In January 2019, Marriott International introduced a new consolidated loyalty program for guests at all of the company’s branded properties — Marriott, Starwood, and Ritz-Carlton — under a single new name: Bonvoy. The company’s global chief commercial officer said the new name was selected from a list of 600 candidates, and that Bonvoy was “a clear winner” because it communicated a “modern, fresh, and aspirational” identity.
Marriott customers disagreed. Quickly, loudly, and vehemently.
Here’s a small sampling of the feedback on the travel site One Mile at a Time:
“Too easily confused with Bon Jovi.” “Absolutely appalling.” “More like Mariott OyyVeyy.” “It’s Marriott saying ‘Bon Voyage’ to members who are opting for the better Hilton and Hyatt programs.”
Readers of another travel site, The Points Guy, were even less charitable
“Sounds like a cheap ladies’ clothing company.” “A marketing exec hit send too fast on an email and Marriott took them seriously.” “Ridiculous, stupid name.”
Harsh words, but hardly unprecedented. Almost without exception, when a brand — especially a well-known brand — introduces a new name, the public responds with virtual pitchforks. It’s meaningless! It’s a waste of money! The old name was better!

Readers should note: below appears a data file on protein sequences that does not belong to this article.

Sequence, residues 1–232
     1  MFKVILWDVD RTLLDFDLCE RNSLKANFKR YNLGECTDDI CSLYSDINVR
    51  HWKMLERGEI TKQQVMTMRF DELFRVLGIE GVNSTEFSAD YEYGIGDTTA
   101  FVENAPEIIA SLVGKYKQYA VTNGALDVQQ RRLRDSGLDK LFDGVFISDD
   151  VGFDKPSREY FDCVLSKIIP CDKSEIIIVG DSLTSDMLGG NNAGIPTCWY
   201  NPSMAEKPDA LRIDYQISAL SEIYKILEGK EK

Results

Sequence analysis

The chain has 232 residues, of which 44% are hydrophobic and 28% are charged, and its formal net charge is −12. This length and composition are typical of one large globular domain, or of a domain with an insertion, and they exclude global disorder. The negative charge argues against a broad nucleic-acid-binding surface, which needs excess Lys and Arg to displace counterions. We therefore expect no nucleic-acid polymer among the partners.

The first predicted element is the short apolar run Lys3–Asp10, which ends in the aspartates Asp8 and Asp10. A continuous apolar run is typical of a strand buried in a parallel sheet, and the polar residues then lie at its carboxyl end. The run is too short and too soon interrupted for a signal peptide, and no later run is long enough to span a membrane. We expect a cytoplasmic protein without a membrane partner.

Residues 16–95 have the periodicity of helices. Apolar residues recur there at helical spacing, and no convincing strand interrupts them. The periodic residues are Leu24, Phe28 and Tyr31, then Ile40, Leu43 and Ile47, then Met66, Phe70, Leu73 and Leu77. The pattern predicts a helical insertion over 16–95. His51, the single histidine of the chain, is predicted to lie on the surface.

It doesn’t even have to be a major change.
Remember when, in March 2009, cable television’s Sci Fi Channel announced that it was rebranding as Syfy? A critic at Vulture called the change “the dopiest idea ever to touch down on planet Earth.” Time included Syfy in a list of “the top 10 worst corporate name changes.” The sci-fi blog io9 scoffed that the new name was “a typo.” AdAge wondered whether there should be “a Syfy death watch.” Cnet called the change “ill-advised.” Science-fiction writer John Scalzi pointed out that “syfy” means “syphilis” in Polish; commenters on his post complained that “Syfy” looked like it should be pronounced “siffy.”
Readers with even longer memories will recall Anderson Consulting’s name change to Accenture, which took effect on January 1, 2001. Time called it “generic corporate nonsense.” And in 2000, when Porsche introduced its Cayenne model — an SUV named for a pepper! — a reporter for the Chicago Tribune snorted that the name was “the king of meaningless monikers.”
And yet all of these brands didn’t just survive the jeers, they thrived.
By early 2010, Syfy had recorded its most successful year, quarter, and series (“Warehouse 13”); 10 years after the name change, Syfy was a strong presence in global markets (where “sci-fi” has little intrinsic meaning) as well as in the United States.
Accenture spent millions to promote its new name (which had been coined from accent and future), and five months after the launch it had achieved 53 percent “unaided ad awareness” — that is, volunteered without prompting.
And the Porsche Cayenne? Still in production, still selling well, still a major influence on other nontraditional car-model names such as Leaf and Soul.
There’s a pattern here, and it has a name: the Zajonc effect.